No End in Sight for U.S.-Turkey Visa Battleby Richard D'Ambrosio /
With no end in sight for the diplomatic standoff between the U.S. and Turkey, various publications are reporting that the cessation of new travel visas to Turkey is beginning to impact American travelers.
The U.S. and Turkey suspended issuing new travel visas between the two countries on Oct. 8, putting a damper on future travel bookings from the U.S. to the popular leisure destination. Anyone with a current visa can travel between the countries, and travelers seeking visas on humanitarian grounds are reportedly still obtaining them, according to some news reports.
But travelers and other media report a rising number of tourists being stopped and turned back at airports and other border crossings, while other travelers are canceling their trips outright.
$30 visa-on-arrival program is a way in
Contributors to various websites, including TripAdvisor and “The Points Guy,” report that Americans can enter Turkey from another country using the visa-on-arrival program, which costs $30.
On Trip Advisor, “enigma,” a commenter with a Level 6 rating and listed as a Turkey destination expert, has been advising Americans to use the multi-entry, 180-day visa-on-arrival. “Simply come to Turkey from any country outside U.S. and get you(sic) visa-on-arrival. It costs 30 USD. There are plenty of posts of American citizens getiing(sic) a visa-o-arrival,” wrote “enigma” on Oct. 23.
This advice was backed up by the personal encounter this week of JT Genter, The Points Guy’s points & miles writer. Genter described his successful though sometimes confusing entry this week with a visa-on-arrival obtained at the Istanbul airport.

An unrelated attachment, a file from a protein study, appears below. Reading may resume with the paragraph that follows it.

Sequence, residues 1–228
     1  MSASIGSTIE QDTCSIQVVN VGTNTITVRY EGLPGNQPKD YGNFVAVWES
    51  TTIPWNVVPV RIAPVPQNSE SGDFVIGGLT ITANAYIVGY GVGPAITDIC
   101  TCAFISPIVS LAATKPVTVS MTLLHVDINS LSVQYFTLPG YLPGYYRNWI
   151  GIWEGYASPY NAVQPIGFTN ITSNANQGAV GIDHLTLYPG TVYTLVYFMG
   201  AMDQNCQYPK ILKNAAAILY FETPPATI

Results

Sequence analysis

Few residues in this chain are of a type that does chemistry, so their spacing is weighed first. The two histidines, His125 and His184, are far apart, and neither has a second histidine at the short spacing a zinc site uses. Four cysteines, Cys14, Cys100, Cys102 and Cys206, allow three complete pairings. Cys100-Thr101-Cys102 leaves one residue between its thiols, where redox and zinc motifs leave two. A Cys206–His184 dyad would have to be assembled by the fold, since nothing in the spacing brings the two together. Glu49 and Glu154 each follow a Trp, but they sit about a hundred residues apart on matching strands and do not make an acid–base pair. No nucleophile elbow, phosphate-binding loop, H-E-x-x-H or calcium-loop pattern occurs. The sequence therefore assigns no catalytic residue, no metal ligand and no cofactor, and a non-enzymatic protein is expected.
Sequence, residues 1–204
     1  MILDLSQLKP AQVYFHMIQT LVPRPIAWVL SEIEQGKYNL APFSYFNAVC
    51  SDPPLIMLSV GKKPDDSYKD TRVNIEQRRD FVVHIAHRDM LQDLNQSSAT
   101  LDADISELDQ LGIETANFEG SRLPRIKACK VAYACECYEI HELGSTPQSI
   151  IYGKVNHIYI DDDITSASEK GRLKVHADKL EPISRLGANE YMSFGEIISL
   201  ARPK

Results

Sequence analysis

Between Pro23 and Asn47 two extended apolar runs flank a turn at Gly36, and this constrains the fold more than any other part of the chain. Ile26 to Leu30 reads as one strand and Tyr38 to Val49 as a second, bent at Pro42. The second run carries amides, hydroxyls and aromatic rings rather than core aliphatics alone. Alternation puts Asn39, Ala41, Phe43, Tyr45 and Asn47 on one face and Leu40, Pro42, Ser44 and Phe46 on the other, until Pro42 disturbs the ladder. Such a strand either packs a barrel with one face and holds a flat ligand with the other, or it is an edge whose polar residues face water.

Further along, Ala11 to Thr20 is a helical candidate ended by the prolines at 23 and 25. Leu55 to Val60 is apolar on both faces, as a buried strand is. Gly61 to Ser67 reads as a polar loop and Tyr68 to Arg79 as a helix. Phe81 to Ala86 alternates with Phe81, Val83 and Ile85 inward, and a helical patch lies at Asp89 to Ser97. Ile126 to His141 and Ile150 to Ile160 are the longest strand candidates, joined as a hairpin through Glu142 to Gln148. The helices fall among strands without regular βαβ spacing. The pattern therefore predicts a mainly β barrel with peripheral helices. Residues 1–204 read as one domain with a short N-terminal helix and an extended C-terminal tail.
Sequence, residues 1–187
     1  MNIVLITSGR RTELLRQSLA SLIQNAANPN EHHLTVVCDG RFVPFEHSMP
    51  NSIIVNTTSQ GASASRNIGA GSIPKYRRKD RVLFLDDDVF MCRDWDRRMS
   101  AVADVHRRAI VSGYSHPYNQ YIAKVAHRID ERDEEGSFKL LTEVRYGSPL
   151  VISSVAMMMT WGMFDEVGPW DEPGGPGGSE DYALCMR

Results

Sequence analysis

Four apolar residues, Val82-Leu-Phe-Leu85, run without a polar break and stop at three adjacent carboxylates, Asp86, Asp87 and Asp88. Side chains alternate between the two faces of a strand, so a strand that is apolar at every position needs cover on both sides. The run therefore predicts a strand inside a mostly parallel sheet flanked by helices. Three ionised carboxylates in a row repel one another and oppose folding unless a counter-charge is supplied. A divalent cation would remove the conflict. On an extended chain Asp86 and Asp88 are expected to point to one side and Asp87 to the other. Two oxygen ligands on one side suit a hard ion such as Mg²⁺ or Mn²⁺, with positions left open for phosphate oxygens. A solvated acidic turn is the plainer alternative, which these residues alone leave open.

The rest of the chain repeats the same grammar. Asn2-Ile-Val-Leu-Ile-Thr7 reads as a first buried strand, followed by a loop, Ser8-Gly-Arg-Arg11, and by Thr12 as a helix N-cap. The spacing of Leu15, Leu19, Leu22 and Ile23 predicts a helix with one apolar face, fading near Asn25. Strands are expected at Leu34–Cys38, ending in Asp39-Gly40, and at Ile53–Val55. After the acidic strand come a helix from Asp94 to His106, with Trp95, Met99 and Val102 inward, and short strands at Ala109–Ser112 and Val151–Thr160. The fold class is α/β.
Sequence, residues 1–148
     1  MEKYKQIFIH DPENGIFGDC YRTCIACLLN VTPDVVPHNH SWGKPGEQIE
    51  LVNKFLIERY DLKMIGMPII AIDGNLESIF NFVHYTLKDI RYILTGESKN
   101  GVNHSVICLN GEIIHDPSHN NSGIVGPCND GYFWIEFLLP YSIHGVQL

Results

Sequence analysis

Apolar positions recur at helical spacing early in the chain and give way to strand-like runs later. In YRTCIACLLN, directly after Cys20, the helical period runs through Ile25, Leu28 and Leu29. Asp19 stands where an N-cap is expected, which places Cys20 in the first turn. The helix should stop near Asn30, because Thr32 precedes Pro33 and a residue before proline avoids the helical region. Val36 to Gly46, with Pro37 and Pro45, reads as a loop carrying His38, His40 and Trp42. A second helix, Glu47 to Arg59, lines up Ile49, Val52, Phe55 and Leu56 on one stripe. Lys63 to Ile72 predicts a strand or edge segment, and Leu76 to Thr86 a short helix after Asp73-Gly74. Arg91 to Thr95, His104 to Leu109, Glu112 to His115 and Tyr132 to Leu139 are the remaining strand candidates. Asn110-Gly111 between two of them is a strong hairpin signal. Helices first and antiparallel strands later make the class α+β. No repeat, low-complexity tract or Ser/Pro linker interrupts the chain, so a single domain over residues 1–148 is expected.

He also included in his post an emailed response from the Ministry of Foreign Affairs supplied by one of his readers. It described current visa policies, but included this final paragraph: “e-Visa application has been suspended for U.S. citizens. You can obtain a visa upon arrival, only if you travel to Turkey from a country other than U.S. (Transit passengers are also not eligible for visas upon arrival. For example, NYC-Paris-Istanbul).”
Travel plans for half a million people could be disrupted
In an Oct. 20 article, The New York Times reported the disruption has begun for a half million annual travelers from the U.S. to Turkey.
The Times quoted Matthew Bryza, a former U.S. ambassador and chief executive of Lamor Corporation in Turkey, saying “It is having some impact on people’s plans for the mid- to long-term.”
Meanwhile, the Harvard Crimson ran a story quoting Mark C. Elliott, Harvard’s vice provost for international affairs, saying “it will be very difficult for students or faculty who want to travel to Istanbul or anywhere else in Turkey to study or do research. I don’t know how you’re going to get your visa.”
Talks continue, but no resolution has been reached
Negotiations between the countries last week bore no new breakthroughs. Deputy Assistant Secretary of State Jonathan R. Cohen, traveled to Turkey for four days, dedicating a whole day to the travel visa issue. State Department officials described the talks as productive, but there were no announcements last week about resolving the issue.
In fact, Turkish officials continued a war of words.
On Sunday, Turkish President Recep Tayyip Erdogan called the U.S. uncivilized, for arresting presidential body guards who participated in the beating of protesters in Washington, D.C. earlier this year.
Additionally, Foreign Minister Mevlut Cavusoglu told the media that Turkey bristled at U.S. “impositions” during the conflict. Speaking at a press conference last week with Portugal, Cavusoglu described the Trump administration’s diplomatic approach as "immature.”